Highlights of this lab:

In this lab,  you will:

Lab Exercise:

Linked lists are used to store collections of data. But we've already seen a mechanism for doing this. i.e. A collection of data can be stored in array. However, an array is a sequential structure meaning that it is a group of memory elements located in contiguous locations (located next to one another in a group). You need to know how many elements there will be and you need to allocate a block of memory for them.

When you don't know how many elements there will be, and if elements need to be inserted and deleted frequently, it is better to use a linked list. This is because each element for a linked list is created as needed and can be stored anywhere in the free memory space - the elements in the list do not have to be stored in contiguous locations.

Each element in a linked list is referred to as a node. In a simple singly linked list, each element consists of two members.

• Data member - contains the data
• Link member - contains the pointer to the next node
Here is an example to show you how to use a STRUCT to define a node.
```/*************************************************
*   FileName: ~ftp/pub/class/170/ftp/cpp/llist.h
*   Purpose:  header file for llist.cpp
*************************************************/
typedef int Element_Type;

struct Node;
typedef Node* Pointr;

struct Node
{
Element_Type data_member;
};

```
A doubly linked list would have a third member in each node to point to the previous node. The last node in any linked list contains a null pointer in the link member. This null pointer is used to determine the end of the list. The following diagram illustrates a simple singly linked list.

Operations on Linked Lists.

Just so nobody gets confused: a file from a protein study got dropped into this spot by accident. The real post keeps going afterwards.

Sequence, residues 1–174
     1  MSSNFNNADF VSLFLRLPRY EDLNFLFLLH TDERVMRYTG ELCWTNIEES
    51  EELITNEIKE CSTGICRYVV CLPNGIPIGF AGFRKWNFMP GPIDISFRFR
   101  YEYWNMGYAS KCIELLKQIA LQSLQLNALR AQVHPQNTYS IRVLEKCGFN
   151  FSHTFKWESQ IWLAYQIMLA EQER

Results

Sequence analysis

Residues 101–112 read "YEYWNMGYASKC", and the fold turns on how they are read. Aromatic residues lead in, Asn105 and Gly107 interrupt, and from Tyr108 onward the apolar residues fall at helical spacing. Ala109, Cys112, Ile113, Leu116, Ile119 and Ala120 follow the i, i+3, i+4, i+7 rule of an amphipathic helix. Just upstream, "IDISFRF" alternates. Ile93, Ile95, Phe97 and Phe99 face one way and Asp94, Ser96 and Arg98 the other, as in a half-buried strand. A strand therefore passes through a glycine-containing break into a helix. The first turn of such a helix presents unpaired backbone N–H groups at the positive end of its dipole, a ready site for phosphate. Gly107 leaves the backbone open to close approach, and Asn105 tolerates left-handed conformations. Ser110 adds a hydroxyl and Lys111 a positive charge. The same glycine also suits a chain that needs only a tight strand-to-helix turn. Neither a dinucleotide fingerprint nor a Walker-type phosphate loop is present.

What follows here, are very rough algorithms on the basic operations that you would perform on a linked list. In actually implementing list operations, you would have to consider conditions such as: Is the list empty? What happens if I get to the null pointer and haven't found a data member that is supposed to be in the list? The algorithms here are just to provide you with an overview of the concepts involved in simple operations.
• Creating a List
```                  First create a new empty node.
Assign a data value to the data member of that node.
Set up a current-pointer to the first node.
Get a data value for the next node.
While more nodes to add
Create a new node.
Assign a data value to the new data member.
Set the current-pointer link member to this new node.
Bump the current-pointer to this new node.
Set the link member of the last node to NULL.
```
• Adding a Node
```                  Find the end of the list.
i.e. Set current-pointer to the head.
While current-pointer link member not NULL
bump the current-pointer.
Create a new empty node.
Assign a data value to the data member of that node.
Set the link member of the new node to NULL. (New tail.)
Set the current-pointer link member to this new node.
```
• Printing Nodes
```                  Set the current-pointer to the head node.
Until you hit a null pointer:
print the data member of the current node
bump the pointer to the next node.
```
• Inserting Nodes
This algorithm assumes that you want to insert a node into a list of ordered values. Let's say you have two values, 12 and 24. A new value of 14 should be inserted between these existing values so that the final list will contain the values 12, 14, and 24.
```
Get the value to insert.
Create a new node.
Assign a data value to the data member of that node.
Set a previous-pointer to NULL.
Set a current-pointer to the Head.
While the new data member > current-pointer value
Bump both pointers along to the next nodes.
i.e.
make the previous-pointer point to the current-node
change the current-pointer to point to the next node
Set the link member in the previous_pointer to the new node.
Set the link member of the new node to the node pointed
to by the current-pointer.
```
This is much easier to understand if you visualize the nodes and the pointers as they are changed. The following diagram attempts to illustrate this process.
• Deleting Nodes.

This routine assumes that the item you are searching for is, in fact, in the list.

```          Get the data value to delete.
If the item is in the first node
Set a pointer to the node to be deleted.
Change the head pointer to the second node.
Else
Set the current-pointer to the Head.
Until the link in the current-pointer points to the item
bump the current-pointer to the next node
Set a pointer to the node to be deleted.
Change the link of the current-pointer
to the link of the item to be deleted.
Delete the node.
```
This is much easier to understand if you visualize the nodes and the pointers as they are changed. The following diagram attempts to illustrate this process.

Lab Exercise:

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